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Determination Of The Atomic mass of Lithium.

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Chemistry Coursework-Determination Of The Atomic mass of Lithium I am going to determine the relative atomic mass of lithium by two different methods: * Method 1: I will measure the volume of hydrogen produced when a known mass of lithium reacts with water. * Method 2: I will titrate the solution of lithium hydroxide produced. Results from method 1: 0.13g of lithium reacted with 100cm3 of water to produce 238cm3 of hydrogen gas. As I know that 1 mole of hydrogen gas occupies 24dm3. * Calculate the number of moles of hydrogen that I collected. 238/24000 = 9.916*10-3 To check this I will use the formula below. V=nRT * Deduce the number of moles of lithium that reacted. The ratio of lithium to hydrogen is 2:1 so the moles of hydrogen have to be multiplied by 2 to get the correct answer. 0.009916666*2 = 0.019833333 moles * Using the values from above and the original mass of lithium, calculate the relative atomic mass of lithium. Moles = Mass Ar Ar = Mass Moles Ar = 0.13 0.0198333 Ar = 7.090914248 Results from method 2: * Titration of aqueous lithium hydroxide with 0.100 mol dm3 Hydrochloric acid. ...read more.


* Firstly I will analyse where I think that errors which would have affected my result in method 1: o The bung had to be secured over the conical fast quickly but it's almost impossible to do this without losing any hydrogen. o The tube had to be in the measuring cylinder. (This wasn't an error which would affect your results, just ruin your experiment as no hydrogen would be collected). o When you placed the measuring cylinder in the trough, the water line had to be at a mark on the scale so you could accurately determine the end volume of hydrogen produced with accuracy. o Lithium had to be weighed using appropriate scales. o Tube had to be checked to see if there were any holes or leakages so no hydrogen would be lost. o Impurities may be present in the lithium distorting the results slightly. (if there is any impurities it would only be very small amounts) o All traces of oil may not be removed from the lithium before it is reacted with the water. o The age of the lithium may be a cause for slight error in the results as older lithium may have a thicker layer of metal oxide around it. ...read more.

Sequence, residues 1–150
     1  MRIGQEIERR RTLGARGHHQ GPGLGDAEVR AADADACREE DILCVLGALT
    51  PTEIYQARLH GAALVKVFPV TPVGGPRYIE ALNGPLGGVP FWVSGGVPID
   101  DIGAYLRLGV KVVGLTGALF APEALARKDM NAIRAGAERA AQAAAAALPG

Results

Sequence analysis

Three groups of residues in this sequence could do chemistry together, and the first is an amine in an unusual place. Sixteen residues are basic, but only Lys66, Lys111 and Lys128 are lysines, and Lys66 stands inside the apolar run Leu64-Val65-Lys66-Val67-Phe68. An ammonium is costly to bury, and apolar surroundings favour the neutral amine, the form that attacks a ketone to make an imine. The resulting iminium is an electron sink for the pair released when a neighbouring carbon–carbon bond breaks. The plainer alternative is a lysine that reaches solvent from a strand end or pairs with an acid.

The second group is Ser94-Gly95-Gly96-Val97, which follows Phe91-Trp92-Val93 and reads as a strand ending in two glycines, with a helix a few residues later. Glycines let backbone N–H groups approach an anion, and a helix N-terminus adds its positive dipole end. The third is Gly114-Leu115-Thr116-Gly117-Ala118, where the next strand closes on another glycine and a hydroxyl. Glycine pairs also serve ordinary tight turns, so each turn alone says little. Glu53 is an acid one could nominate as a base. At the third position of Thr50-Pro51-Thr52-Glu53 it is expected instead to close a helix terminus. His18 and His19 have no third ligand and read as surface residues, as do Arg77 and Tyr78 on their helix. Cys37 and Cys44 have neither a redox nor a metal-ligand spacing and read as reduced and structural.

o Use the equipment as best you can measure the solution carefully to ensure accuracy. o Ensure the acid is mixed correctly to produce the exact concentration needed. * Now I will explain which experiment was more accurate and why I think this is the case. o There is one point that has to be remembered. The second experiment contains the errors that I have made in the first experiment, any errors from the first experiment are carried over making the titration experiment seem a lot more inaccurate, and this is shown by the results that I have obtained. Also the fact that there are three titration experiments making three results and I used the average of these this backs up the fact that the second method is less accurate. o The first experiment shows a far more accurate result than the second, I think this is due to the fact that as you can see from the section above I have found a lot more ways to make the first experiment more accurate, plus o Also as we are only in a school lab the precision of the equipment cannot be of an exact standard, in the two methods you have to measure out volumes of solutions so again slight errors will occur. ...read more.

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